Adapting Evangelism to War

Have war conditions made necessary any change in titles for an evangelistic series, a change in subject sequences, in public service programs, in evangelistic literature?

By S. G. JOYCE, Evangelist, North England Conference

Have war conditions made necessary any change in titles for an evangelistic series, a change in subject sequences, in public service programs, in evangelistic literature?

The choosing of good titles for lectures is important to attract an audience interested in the Bible, to make Seventh-day Adventists, to herald Christ's return, to bring the message to the largest number of people. Do not use titles that offend or that anticipate the decisions which are to be urged upon the congregation.

The sequence of the subjects is also impor­tant in heralding Christ's return, in building up an audience on popular topics (Armageddon and Death are both still in this category), in bringing the Sabbath to the notice of the largest possible number. Therefore it should be pre­sented in the best possible hall. The Papacy and evolution or creation are good subjects to introduce the Sabbath question. We must teach all truth, and make Seventh-day Advent­ists. We must not add to the people's fear (Luke 27:26) by continually preaching war crisis after crisis ! Jesus said if He be lifted up, He will draw all men unto Him. So lift Him up, not the earth's woes, troubles, and politics.

For a public service program, feature the idea "Home Before Dark !" War conditions, blackouts, air-raid-precaution activities and fire watching, and the disturbed mental state of the people, as well as home and shopping diffi­culties, all demand services of only one to one and a half hours in length. Inject life and movement into the meetings. We are to kindle fires in people's hearts and arouse a movement toward the kingdom of Heaven. Therefore we must not be static.

As for evangelistic literature, the best and most appropriate literature is that prepared by our own publishing houses. It is much better than the evangelist's own proud effort.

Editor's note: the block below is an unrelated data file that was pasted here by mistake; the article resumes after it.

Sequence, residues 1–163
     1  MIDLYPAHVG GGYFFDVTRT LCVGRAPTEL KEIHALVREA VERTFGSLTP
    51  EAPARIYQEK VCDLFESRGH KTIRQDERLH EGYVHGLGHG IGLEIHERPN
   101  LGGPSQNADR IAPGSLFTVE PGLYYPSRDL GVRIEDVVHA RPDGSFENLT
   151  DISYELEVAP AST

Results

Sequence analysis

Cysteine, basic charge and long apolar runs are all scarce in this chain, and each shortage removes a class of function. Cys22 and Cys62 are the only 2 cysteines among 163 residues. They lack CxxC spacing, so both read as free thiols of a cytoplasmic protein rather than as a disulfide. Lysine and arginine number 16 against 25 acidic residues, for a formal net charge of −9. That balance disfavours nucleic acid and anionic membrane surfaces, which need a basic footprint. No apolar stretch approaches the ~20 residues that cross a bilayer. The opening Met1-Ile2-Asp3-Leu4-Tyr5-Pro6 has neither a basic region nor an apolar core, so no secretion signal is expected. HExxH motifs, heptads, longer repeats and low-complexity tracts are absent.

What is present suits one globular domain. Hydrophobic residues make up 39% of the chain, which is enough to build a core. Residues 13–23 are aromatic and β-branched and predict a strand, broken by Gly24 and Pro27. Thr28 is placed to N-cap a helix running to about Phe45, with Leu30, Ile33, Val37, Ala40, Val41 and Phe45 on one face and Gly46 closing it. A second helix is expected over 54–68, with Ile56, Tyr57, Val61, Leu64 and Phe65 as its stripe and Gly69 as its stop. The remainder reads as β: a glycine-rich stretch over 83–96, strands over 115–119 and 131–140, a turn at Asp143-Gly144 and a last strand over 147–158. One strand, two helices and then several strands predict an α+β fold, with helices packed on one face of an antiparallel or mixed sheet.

Discussion by R. L. Murdoch: Today's con­stant topic of conversation is the war. This affects the preacher. He is in danger of be­coming a recruiting agent, of arousing racial feelings, of encouraging hatred, and of for­getting the international character of the ad­vent message. An ordained minister is not or­dained to preach politics, but to preach the Word ! In wartime preaching, we are to--

1. Avoid preaching fear; preach love.

2. Avoid preaching news of today ; preach the good news of the kingdom.

3. Avoid preaching communism, militarism, pacifism, and other "isms;" preach Christ.

4. Avoid misuse of the prophecies.

5. Avoid doubting the old landmarks.

Discussion by H.K. Munson: Four ways to adapt evangelism to wartime conditions :

1. Overcome the blackout problem.by starting campaigns very early in autumn or very early in spring.

2. Increase evangelistic staffs to allow the holding of more meetings by at least two co­workers in the same campaign.

3. Make literature more versatile and up-to-date. More attractive, arresting tracts on fun­damentals are needed.

4. Teach the simple gospel truths.

5. Keep away from condemnatory subjects and preach positive truth that turns people from error.

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By S. G. JOYCE, Evangelist, North England Conference

November 1942

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